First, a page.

When my husband’s job relocated our family to Spain I was both extremely excited for the new adventure but equally concerned. I was a few months into a new job as an interior designer for a luxury vacation rental company in San Diego. It was the coolest job, the greatest team and an affirmation for the interior design degree I left my corporate job to pursue. The thought of having to start over in a country where I could barely speak the local language gave me many moments of anxiety and insomnia. I spent a lot of time in deep thought wondering...
What does this mean for my career?
How long will it take for me to grow my network, my contacts?
Will I have to settle for an unsatisfying job while I find my way?
What in the world am I doing?
To help alleviate the worry, I took action in hopes to try to make as many connections in Spain as I could while still in San Diego. Before bed each night I would hop on Instagram and befriend interior designers in Spain and start to have conversations in hopes to set up coffee dates for when I moved. It was a great start to community building and gave me hope in carving out a little pocket of friends for myself in a new country. To be fair, I was equally excited about the move. I mean, it was Spain after all! All that good food, the Spanish way of life. It all sounded so dreamy. So whenever I began to worry about my career, I would remind myself of the many perks of moving abroad.
Once we moved to Spain and got settled in, I hit the pavement in hot-pursuit for professional and personal connections. I spent many hours on LinkedIn researching jobs in interior design and was disheartened to find out how poorly paid this specific design profession was paid here. I knew how intense the work can be from project to project and came to terms with the fact that this was not going to cut it. So I decided to pause for a moment and consider a different course of action. “New country, clean slate”, I would say to myself.
During my pause I made the effort to keep networking. I joined a few professional women’s groups within the Barcelona area. This was really helpful for me to not only keep my mind brainstorming a next-step, but to also meet other women who were in the same situation I was in. I met many women who had recently moved to Spain and found themselves either in careers they couldn’t continue here, in jobs they settled for or without work at all. Having a place to connect with such women was really grounding and supportive. These groups kept me inspired and determined to stay focused on my career goals. These groups also began to refer to me clients to help me recreate myself as a designer in the digital realm. As I mentioned before, in California I was an interior designer, but over the years I had collaborated on so many types of design projects that I had grown a rather broad portfolio of design skills, many of them being digital design.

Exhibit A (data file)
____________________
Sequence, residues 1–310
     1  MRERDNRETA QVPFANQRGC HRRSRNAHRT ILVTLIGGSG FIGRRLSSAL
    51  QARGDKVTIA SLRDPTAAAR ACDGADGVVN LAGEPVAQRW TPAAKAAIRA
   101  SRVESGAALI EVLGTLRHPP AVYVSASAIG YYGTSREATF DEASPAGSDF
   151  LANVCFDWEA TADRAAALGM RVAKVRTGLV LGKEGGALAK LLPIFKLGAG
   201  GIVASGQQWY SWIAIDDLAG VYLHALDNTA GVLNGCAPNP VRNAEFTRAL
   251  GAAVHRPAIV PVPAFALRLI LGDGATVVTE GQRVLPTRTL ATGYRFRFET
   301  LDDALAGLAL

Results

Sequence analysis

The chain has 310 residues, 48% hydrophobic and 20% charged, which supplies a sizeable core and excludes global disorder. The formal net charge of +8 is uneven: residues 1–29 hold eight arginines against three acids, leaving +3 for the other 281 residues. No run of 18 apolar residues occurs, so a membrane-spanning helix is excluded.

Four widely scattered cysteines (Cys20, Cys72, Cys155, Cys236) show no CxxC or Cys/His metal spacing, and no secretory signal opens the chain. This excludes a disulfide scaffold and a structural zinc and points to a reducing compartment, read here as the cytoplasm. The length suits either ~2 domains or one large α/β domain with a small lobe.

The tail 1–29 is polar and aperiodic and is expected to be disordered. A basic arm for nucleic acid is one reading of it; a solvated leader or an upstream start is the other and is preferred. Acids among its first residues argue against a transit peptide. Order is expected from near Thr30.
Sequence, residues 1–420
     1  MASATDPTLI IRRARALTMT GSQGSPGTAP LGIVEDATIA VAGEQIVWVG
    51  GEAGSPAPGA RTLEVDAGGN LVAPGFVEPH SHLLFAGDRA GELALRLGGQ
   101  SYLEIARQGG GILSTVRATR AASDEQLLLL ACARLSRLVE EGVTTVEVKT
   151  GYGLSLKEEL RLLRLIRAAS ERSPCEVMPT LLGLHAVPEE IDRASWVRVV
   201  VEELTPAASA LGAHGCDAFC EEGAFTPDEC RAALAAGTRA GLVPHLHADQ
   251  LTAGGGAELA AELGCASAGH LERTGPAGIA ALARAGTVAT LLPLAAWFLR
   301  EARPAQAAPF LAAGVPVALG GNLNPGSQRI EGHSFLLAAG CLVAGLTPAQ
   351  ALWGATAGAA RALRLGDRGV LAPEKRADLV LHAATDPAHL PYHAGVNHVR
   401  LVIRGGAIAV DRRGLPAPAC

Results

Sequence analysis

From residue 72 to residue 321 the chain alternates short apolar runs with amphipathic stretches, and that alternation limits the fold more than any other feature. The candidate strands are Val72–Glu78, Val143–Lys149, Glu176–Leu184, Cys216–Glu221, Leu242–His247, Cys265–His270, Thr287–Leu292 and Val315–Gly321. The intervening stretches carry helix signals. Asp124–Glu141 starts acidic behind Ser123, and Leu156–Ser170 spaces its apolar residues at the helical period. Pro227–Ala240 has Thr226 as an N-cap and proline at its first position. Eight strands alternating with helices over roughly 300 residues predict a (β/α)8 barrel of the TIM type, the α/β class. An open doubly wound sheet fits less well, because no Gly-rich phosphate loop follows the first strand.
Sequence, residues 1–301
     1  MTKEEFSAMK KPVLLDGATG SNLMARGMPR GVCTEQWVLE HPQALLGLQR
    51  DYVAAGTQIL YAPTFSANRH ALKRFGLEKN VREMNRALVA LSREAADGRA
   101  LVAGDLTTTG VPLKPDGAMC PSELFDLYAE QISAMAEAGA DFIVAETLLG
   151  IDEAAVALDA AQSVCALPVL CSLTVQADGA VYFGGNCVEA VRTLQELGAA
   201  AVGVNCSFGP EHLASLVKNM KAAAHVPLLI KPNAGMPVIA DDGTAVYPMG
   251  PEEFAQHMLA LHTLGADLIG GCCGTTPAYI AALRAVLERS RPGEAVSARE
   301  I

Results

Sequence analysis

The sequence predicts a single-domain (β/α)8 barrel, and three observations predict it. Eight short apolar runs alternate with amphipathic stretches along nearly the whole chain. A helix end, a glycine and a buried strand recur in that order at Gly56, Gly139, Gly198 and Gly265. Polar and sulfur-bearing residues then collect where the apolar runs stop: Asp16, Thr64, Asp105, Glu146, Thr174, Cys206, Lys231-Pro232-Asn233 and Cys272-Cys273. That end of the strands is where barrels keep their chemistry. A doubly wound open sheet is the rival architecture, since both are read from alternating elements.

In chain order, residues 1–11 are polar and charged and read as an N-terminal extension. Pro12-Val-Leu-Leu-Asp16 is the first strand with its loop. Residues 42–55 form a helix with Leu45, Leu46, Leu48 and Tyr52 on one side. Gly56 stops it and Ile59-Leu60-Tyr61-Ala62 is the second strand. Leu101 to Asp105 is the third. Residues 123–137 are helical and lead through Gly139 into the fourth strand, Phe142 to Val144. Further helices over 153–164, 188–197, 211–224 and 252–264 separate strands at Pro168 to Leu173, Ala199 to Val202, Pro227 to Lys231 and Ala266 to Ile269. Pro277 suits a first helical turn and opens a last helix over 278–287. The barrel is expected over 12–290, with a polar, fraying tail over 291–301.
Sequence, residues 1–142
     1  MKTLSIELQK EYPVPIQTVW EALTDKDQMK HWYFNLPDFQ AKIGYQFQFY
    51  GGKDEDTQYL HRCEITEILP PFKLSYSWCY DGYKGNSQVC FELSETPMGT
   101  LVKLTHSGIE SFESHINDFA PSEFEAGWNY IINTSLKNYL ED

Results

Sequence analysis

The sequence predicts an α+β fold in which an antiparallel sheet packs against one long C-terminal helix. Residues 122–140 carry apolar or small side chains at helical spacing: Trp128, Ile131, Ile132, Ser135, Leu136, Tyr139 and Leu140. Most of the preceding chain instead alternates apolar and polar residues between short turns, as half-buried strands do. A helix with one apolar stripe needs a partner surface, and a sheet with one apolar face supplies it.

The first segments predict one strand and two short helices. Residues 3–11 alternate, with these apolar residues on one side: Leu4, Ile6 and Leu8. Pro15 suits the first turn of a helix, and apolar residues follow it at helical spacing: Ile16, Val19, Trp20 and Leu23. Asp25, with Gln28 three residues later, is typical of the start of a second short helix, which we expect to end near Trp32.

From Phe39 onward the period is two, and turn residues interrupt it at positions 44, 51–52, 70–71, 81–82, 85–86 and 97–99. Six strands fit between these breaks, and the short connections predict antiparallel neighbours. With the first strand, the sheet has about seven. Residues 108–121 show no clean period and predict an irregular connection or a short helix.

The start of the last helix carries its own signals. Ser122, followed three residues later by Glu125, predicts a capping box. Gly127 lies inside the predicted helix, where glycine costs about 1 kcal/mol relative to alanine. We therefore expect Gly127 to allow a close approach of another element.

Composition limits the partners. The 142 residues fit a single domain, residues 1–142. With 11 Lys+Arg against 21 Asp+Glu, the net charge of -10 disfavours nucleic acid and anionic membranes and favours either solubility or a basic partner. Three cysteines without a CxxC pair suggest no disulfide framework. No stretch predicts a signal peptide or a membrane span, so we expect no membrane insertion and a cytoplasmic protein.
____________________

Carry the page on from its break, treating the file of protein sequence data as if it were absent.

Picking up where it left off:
At the start I volunteered on projects, then I started saying yes to any project that came my way. It was not the time to ask for too much. It was portfolio building time and as I call it “warm up time”. It was a time to be humble, to sharpen my skills with each project and to spend hours watching LinkedIn learning tutorials at night to bring in new skills. Interior design seemed like a lifetime ago and through each project I felt more and more confident about my place in this new country and was seeing progress on my career path.
As I type this story I am drinking a nice cold glass of local cava and watching the change of light as the sun goes down. I am grateful for this opportunity to have had to move here and even for the career “disruption” it gave me. This experience gave me an opportunity to start with a clean slate and create something new for myself but still within an industry I enjoy.
If I have any advice to share to anyone who may find themselves in the same situation here are my top 5 tips to help you on your journey…
1. Utilize social media. Get on Linkedin, Instagram and the right Facebook Groups to start making connections in the new country you will be living in.
2. Join professional groups or any group on a topic you enjoy in your new country. This is really hard to do if you’re an introvert (I should know!) but it is so incredibly important.
3. Say yes to events, invites and any opportunities that may come your way that require the use of one (or many) of your skills.
4. Keep putting yourself out there. Awkward as it may be, just be brave and practice the art of making friends, whatever that means for you.
5. Keep learning. Get on LinkedIn Learning and start hoarding (and watching!) all the video tutorials on subjects that will help you cultivate new skills or sharpen some old ones.
So if you have the desire to move abroad or suddenly find yourself being relocated for your partner’s job, know that there is a lot of help, support and opportunity out there for you to stay focused on your career goals. You may have to put yourself out there more than you’re comfortable with but I promise you will make a lot of wonderful connections along the way and may enjoy the adventure of an entirely new career path.